Jensen's Alpha

What is Jensen's Alpha?

Jensen's Alpha, or just "Alpha", is used to measure the risk-adjusted performance of a security or portfolio in relation to the expected market return (which is based on the capital asset pricing model (CAPM).

The higher the alpha, the more a portfolio has earned above the level predicted.

The measure was first used by Michael Jensen in 1968 and was originally designed to evaluate fund managers, i.e. to gauge if it was possible for them to consistently outperform the markets. Jenson's results, however, suggested that this is rarely the case.

Jensen's Alpha is also known as "Jensen's Performance Index" and "Jensen's Measure".

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Why is Jensen's Alpha useful to investors?

Jensen's Alpha is important to investors because they need to look not only at the total return of a security or portfolio, but also at the amount of risk involved in achieving that return.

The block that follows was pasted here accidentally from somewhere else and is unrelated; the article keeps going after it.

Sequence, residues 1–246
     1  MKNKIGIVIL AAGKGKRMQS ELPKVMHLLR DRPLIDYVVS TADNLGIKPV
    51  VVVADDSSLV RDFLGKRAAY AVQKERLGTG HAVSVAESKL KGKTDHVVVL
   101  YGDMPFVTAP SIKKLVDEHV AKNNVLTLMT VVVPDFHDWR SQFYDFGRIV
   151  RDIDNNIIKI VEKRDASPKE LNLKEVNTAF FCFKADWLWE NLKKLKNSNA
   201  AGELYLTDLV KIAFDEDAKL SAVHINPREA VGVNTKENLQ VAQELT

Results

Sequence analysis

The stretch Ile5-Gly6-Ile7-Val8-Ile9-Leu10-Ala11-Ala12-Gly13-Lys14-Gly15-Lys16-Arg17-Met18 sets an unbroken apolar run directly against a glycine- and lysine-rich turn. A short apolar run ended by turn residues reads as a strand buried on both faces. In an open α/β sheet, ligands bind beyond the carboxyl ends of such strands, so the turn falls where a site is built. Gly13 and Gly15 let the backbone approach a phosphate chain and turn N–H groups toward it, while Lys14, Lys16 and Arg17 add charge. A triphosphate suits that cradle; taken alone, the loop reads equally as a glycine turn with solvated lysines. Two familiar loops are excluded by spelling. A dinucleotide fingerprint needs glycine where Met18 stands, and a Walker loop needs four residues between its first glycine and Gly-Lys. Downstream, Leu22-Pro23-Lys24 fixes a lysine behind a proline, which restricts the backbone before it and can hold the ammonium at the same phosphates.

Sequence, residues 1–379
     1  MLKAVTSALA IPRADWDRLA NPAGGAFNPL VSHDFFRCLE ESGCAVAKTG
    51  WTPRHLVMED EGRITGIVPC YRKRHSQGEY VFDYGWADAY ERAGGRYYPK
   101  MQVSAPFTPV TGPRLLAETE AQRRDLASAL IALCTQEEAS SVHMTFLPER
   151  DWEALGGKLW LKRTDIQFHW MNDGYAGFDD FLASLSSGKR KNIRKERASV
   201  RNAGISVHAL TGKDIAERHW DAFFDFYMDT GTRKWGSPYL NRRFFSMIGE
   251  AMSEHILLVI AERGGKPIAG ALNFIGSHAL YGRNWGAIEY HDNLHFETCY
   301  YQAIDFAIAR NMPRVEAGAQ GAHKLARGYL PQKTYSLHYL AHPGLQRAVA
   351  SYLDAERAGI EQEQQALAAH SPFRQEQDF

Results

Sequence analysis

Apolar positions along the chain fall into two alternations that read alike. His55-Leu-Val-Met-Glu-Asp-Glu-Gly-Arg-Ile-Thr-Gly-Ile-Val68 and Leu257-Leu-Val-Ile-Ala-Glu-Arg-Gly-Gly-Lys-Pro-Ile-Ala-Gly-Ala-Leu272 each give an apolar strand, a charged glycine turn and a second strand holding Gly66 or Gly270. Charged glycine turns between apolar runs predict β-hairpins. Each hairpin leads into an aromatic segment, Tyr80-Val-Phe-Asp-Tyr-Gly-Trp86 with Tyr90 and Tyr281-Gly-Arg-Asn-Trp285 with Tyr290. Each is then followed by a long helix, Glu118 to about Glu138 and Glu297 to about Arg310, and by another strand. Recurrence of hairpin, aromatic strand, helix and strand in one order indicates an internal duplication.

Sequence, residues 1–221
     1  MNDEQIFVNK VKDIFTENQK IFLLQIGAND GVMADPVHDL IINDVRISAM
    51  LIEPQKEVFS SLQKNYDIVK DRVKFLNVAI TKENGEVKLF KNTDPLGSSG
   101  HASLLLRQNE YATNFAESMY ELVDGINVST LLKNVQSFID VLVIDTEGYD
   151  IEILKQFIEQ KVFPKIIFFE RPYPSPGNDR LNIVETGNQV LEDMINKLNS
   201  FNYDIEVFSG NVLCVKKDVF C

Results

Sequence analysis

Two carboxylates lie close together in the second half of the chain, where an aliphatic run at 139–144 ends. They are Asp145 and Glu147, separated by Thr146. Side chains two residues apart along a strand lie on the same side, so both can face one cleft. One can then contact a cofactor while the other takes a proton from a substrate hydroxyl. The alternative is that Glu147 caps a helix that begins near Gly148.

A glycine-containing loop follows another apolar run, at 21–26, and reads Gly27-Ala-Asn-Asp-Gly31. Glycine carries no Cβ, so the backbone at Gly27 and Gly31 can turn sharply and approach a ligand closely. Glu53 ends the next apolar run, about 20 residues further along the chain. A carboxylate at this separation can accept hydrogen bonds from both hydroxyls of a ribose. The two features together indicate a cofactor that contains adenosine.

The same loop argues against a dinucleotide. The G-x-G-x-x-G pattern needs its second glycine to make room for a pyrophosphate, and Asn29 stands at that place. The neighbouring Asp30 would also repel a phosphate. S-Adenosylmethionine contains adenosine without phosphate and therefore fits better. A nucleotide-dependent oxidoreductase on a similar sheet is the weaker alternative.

Usually, investors will aim to achieve a high return with a minimum amount of risk. So if, for example, two portfolios yielded identical returns, but one involved lower risk, the one with lower risk would rationally be the more attractive option.

Jensen's Alpha can help determine if the average return generated is acceptable based on the amount of risk involved. If the return is higher than that predicted by the CAPM, the security or portfolio is said to have a positive alpha (or an abnormal return).

Investors are always looking for opportunities where a positive alpha is involved.

The formula for Jensen's Alpha

Jensen's Alpha is calculated using the following equation:

Jensen's Alpha

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